Life, Mental health, Mental Health & Wellbeing, Physical health

If A Thing Is Worth Doing – It’s Worth Doing Badly

I appreciate effort. No matter how small, silly or irrelevant, I appreciate effort.

Billy Chapata

If a thing is worth doing it’s worth doing badly.

Yes. That’s right.

Badly.

I know the saying we grew up with is that if a thing is worth doing it’s worth doing well. But I think that version is too guilt inducing.

It doesn’t allow enough space for kindness – be it towards others, or ourselves.

It also leads to a lot of stuff just remaining undone. Especially for people who lack energy, motivation, or executive function.

And formerly ‘gifted and talented’ students who were never taught how to persist with anything if they aren’t immediately good at it.

Your house is a mess but you aren’t up to the almost overwhelming size of the task. So it remains untidy.

You feel like you should work on your fitness but you don’t thing you’re up to making enough use of it to justify a gym membership. So you put it off.

You want to be more sociable but, well, *gestures vaguely at the world*. So you start another Netflix marathon at home by yourself instead – telling yourself you’ll reach out to people when things are more… Something…

But if a tidy(ish) house, a reasonable level of fitness, and friends are worth having. It’s worth making a start on getting them. No matter how inadequate you think that effort might be.

If can’t tidy a room, tidy a shelf. Or a chair.

And then do another equally little bit tomorrow, and then the next day, and the next day. And maybe you’ll get there eventually.

Or maybe you won’t – but at least you’ll feel at least a little bit better for having made the problem at least a little bit smaller.

A few weeks ago I decided to make myself a fitness plan based on a similar principle.

I wasn’t fit enough to warrant a trip to a gym. And anyway we were in lockdown so they weren’t open.

But I inherited one set of live basically healthily well into their 90s despite drinking, smoking, and sun-worshipping genes. And one set of dying before getting to retirement age genes. And if I want the first set of genes to win out I’m going to have to do something to help them.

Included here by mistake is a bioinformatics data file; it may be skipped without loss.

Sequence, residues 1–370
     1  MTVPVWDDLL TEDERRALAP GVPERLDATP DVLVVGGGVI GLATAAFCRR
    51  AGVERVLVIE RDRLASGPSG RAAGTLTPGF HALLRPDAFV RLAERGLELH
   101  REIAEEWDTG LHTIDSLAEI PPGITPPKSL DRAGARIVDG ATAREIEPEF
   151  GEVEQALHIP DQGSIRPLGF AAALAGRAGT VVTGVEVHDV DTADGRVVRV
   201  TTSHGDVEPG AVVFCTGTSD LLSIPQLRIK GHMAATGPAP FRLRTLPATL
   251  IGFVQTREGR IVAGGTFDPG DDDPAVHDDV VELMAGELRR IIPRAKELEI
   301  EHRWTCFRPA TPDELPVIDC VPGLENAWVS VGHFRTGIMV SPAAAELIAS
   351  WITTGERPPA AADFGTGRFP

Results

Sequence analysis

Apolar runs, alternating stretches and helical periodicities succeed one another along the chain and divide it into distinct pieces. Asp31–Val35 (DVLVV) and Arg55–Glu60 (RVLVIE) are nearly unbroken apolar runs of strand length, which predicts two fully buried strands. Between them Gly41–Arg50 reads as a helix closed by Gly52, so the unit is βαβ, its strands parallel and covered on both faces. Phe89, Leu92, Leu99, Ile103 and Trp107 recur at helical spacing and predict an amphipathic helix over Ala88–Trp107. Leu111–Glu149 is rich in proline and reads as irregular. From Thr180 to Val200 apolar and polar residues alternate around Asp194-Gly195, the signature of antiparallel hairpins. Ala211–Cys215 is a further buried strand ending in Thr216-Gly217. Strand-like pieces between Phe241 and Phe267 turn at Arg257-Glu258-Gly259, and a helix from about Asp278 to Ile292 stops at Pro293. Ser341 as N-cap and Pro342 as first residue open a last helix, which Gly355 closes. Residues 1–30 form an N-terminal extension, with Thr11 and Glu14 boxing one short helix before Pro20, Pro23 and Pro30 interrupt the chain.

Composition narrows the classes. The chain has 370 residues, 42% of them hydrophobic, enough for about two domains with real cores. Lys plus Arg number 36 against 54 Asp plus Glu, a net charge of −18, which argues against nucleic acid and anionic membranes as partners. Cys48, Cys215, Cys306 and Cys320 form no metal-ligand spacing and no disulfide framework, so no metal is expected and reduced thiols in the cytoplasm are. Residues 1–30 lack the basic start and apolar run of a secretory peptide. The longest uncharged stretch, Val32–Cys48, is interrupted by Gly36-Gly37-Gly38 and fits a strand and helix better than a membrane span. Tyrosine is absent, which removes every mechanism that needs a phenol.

So I’ve started going on daily walks.

I started out walking literally half a block.

It hurt. A lot more than I expected it to. And it felt kinda silly. But it was a start.

Even just a small amount of movement is better for your body than no movement at all.

And if I hadn’t started there was no chance of ever getting to the possibility of being able to exercise ‘well’.

I’ve added on half a block a week and I’m now up to about half a mile. And I’ve added in some stuff with 1kg hand weights.

And I’ve posted a bunch of pictures of trees to Instagram to document my progress – #accountabilitypost – because I think it’s good for people to see that fitness isn’t just for people who can do 25k runs several nights a week.

And, hopefully, with consistent, incremental progress those trees will eventually become a forest.

I can’t seem to fit in eight glasses of water a day. What I have got down is drinking a pint of strawberry Ribena when I get in from my daily walk, and another with my tablets before bed. Which takes me two thirds of the way to hydration goal, and they’re obviously not the only things I drink all day.

If your goal is to socialise more – reach out to just one friend. You can send them a text. And arrange just one cup of tea and a chat over Skype.

Can’t manage a shower? That’s okay. This is just one of those days that cleansing wipes and dry shampoo are for.

You want to eat healthier but feel cooking every meal from scratch is about as realistic as running a marathon every day? Just make one meal. Or make one change – like switching to brown rice or eating more beans.

You’re not even up to meals? Not even a sandwich? Okay. Grab the constituent parts of a sandwich from the fridge and eat them as they are. Sure they probably taste best assembled traditionally but your digestive system doesn’t care how they’re delivered. The nutrients are just the same.

Struggling to start saving? Can you put 50p a month into a jar?

You fancy turning your hand to baking? Find a basic cake or cookie recipe and have at it. Even if they fall apart you’ll probably at least end up with a pile of very tasty crumbs.

You want to write a novel but don’t know how to get started? Approach it like it’s Duolingo and just give it 15 minutes a day.

You want a better job? At least sign up to a job board to see what’s out there.

And if you find something, apply, and don’t get it, well- if a thing is worth doing, it’s worth doing badly.

At least you tried.

You tried to get something that you wanted. You tried to get better at something. You tried campaigning for something you believed in. You tried to help somebody. You tried to take care of yourself.

And it’s better that you tried and didn’t succeed than to have pretended not to care, or to have wondered what if, or to have hoped that someone, anyone, else would do it.

We don’t always get the things we try for, and that’s okay. Even when it doesn’t feel like it. Because if a thing is worth doing, it’s worth doing even if you fail.

But for most things, on most days, you can’t fail. Done is enough.

So done badly, or done slowly, or done half-assed is better than not done at all.

So get to done however you can manage it. Worry about well another day.

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